Why Do Dogs Try To Sit On Each Other

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Introduction

Maybe you were watching TV with your dogs and left the room for a moment. As you walk back in, you see a peculiar picture. The dogs haven’t taken your spot on the couch, rather your one dog is sitting on top of the other. The dog on top looks perfectly happy where he is and has no concern that he is on top of another animal. The dog on the bottom has a slight look of discontent, but mostly indifference. As you approach your spot on the couch, both dogs remain in their positions, unaffected and perfectly content. Why do your dogs sit on top of each other and why doesn’t this bother them?

The Root of the Behavior

Dogs plop themselves on top of each other for a few reasons. Dogs learned to pile as puppies, they demonstrate dominance, or they’re having a grand ole time playing.

A dog starts learning survival skills when he is born and in a litter. His littermates are a puppy’s first pack and that’s when the life skills begin. You may have seen adorable piles of puppies all snuggled together and on top of each other. This is how they sleep. They gain warmth, companionship, security, and comfort when they’re huddled together. This behavior is important if a dog is to survive outdoor conditions that include cold weather and predators. Learning pack behavior is necessary for survival. If your dogs sit on each other when sleeping or resting, chances are they’re huddled with the wants of warmth and companionship in mind.

As dogs leave their litter and join other packs, there is an Alpha dog in every pack. The Alpha dog is in charge and gets the best of everything, from grub to resting spots. The Alpha dog gets the best sleeping spot in a pack and is in control of where everyone else sleeps. That dominance is important in any relationship and dogs will respond to the Alpha. An Alpha dog demonstrates dominance in a variety of behaviors. If he tends to lead walks, is protective of his toys or food, or stands over the other dog in addition to sitting on him, it’s a dominance situation.

And sometimes, dogs just like to play. There’s a good chance you’ve had friends who have jokingly threatened to sit on each other while arguing. It’s kind of the same with dogs, although for them, it’s a little more acceptable to sit atop another dog. And in the end, they’re just playing around.

Some dog breeds are more playful than others and some are more dominant, but all dogs can show this behavior. 

Encouraging the Behavior

If your dogs are sitting on each other for play or comfort, you can let this behavior continue and it shouldn’t create any problems. Why deny them some fun or companionship that comforted them as puppies? If you’ve had your dogs for a while, chances are you know their signs of excitement and play versus aggression.

If you notice your dog is not thrilled to be sat on and becomes aggressive, you might have a power struggle on your hands. If your dogs are demonstrating dominance, you need to nip this in the bud right away. In a wild pack, there is the Alpha dog and that’s okay. Street rules apply. However, in your house, you’re the Alpha. Your dogs don’t need to bow to each other, rather to you. If you let one of your dogs assert dominance over the others, you’re setting up a serious power struggle that will become problematic.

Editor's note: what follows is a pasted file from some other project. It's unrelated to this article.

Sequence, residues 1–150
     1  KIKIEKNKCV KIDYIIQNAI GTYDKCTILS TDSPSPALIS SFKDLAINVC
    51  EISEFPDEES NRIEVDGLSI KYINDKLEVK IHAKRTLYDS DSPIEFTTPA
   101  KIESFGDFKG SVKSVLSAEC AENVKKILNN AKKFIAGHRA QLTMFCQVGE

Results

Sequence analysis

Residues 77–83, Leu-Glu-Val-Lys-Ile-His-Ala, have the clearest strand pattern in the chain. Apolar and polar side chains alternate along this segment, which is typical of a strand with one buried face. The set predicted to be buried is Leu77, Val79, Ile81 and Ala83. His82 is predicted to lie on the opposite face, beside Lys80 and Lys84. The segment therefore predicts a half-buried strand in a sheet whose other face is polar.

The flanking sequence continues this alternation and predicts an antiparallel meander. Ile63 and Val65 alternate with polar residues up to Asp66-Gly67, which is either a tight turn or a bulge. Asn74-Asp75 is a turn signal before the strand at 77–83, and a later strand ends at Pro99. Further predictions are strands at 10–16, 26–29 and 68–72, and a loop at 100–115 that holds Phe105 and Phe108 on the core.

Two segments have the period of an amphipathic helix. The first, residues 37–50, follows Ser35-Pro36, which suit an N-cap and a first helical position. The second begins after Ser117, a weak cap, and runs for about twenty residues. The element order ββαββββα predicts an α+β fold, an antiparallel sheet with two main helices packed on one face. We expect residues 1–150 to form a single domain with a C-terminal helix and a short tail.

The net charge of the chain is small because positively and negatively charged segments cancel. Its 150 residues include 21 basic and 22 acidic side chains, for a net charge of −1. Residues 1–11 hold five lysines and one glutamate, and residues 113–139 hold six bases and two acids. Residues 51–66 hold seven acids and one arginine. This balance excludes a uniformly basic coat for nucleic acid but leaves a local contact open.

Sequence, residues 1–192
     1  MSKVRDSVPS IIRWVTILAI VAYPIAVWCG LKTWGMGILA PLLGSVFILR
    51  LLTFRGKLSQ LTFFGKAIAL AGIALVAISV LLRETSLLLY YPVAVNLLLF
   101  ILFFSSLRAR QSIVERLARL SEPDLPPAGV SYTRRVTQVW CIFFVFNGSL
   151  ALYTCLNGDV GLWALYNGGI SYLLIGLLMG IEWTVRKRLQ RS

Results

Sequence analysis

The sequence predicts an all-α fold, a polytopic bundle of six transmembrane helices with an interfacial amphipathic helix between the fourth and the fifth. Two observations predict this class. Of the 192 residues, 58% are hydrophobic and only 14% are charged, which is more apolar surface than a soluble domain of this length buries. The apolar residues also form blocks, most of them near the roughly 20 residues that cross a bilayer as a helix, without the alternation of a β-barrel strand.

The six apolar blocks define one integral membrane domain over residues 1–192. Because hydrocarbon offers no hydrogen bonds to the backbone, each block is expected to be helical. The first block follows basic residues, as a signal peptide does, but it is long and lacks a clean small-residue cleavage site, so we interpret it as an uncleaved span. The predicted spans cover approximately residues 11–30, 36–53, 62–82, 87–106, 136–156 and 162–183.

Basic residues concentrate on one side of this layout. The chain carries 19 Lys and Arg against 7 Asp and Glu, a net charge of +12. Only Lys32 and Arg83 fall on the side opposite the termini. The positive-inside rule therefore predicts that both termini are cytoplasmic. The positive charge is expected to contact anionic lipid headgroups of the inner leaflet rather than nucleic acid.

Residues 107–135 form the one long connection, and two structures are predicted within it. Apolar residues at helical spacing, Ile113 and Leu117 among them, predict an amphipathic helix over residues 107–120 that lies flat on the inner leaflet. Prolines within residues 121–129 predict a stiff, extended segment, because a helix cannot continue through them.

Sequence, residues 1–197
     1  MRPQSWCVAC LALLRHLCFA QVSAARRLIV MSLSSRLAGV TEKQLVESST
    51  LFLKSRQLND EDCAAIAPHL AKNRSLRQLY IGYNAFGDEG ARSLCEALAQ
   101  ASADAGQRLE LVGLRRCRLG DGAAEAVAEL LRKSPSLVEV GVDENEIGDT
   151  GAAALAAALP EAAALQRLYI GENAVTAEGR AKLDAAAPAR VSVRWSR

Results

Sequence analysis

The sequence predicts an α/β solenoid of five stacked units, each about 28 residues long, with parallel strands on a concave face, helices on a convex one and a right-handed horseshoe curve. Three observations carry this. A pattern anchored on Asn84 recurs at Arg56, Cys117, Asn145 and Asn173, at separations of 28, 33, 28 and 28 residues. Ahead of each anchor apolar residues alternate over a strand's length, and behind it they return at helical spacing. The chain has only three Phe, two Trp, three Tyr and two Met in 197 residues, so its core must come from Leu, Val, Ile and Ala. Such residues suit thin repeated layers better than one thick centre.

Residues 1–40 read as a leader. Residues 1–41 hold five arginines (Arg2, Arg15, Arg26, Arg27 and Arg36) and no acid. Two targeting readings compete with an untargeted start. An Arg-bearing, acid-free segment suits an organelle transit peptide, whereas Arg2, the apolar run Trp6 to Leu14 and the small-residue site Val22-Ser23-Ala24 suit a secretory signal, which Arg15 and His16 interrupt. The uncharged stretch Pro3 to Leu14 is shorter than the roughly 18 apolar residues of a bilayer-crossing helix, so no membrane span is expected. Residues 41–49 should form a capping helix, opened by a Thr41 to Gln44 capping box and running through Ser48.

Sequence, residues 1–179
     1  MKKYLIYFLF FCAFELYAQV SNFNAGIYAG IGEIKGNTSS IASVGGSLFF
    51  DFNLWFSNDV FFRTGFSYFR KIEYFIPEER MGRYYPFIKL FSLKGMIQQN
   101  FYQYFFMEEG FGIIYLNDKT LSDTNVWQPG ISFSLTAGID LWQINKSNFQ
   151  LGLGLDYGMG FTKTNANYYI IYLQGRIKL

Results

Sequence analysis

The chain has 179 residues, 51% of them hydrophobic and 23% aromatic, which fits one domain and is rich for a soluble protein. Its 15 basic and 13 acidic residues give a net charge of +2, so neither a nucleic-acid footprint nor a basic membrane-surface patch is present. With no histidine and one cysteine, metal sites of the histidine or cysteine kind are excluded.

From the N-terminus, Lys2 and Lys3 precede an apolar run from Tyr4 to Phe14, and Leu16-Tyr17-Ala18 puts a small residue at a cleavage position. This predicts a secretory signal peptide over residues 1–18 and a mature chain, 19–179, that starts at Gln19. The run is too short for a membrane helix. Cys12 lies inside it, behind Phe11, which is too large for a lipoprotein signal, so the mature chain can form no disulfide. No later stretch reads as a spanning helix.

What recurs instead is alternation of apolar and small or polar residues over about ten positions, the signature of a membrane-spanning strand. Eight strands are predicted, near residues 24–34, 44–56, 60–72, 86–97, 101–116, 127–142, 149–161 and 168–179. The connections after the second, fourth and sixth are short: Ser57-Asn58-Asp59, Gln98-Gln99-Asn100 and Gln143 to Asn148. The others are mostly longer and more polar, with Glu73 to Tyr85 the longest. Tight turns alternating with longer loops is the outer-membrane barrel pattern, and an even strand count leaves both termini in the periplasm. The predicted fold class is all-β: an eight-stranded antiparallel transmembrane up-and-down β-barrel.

A dominant dog will most likely demonstrate other dominant behaviors in addition to sitting on top another dog. Talk to a trainer about what you could see. A dog who pushes other dogs away, guards objects, or behaves like he is in charge is a dog who is trying to assert dominance. 

Other Solutions and Considerations

If you’ve introduced a new dog into a household, keep a close eye on your dogs if they start sitting on each other. A puppy might try to assert dominance over the older dog by sitting on him or he could just be playing. Make sure you monitor them together in the case that either becomes aggressive.

One other concern is if you have dogs of different sizes. It’s a great photo opportunity to see a small dog on top of another and you and your pets will become so popular on social media. But if one dog is significantly larger than another, you want to discourage the sitting on each other, even if it’s playful. A 50-pound dog can harm a 10 pound dog. You’ll want to discourage this behavior; just imagine how it feels to be sat on by someone five times your size. Ouch.

Visit a trainer to get tips on how to discourage this behavior, especially if it’s dominance motivated. The trainer can teach you and your dogs commands to eliminate the dominance and establish you as king of the castle once again.

Conclusion

Your dogs sitting on top of each other will give you a great photo opportunity and possibly a shot at internet fame with just the right caption. Snap a quick photo, make sure the behavior is playful and welcome, and post away! If you think it’s aggressive, wait for another time to take a pic and discourage the behavior. Your dogs will do something silly soon enough.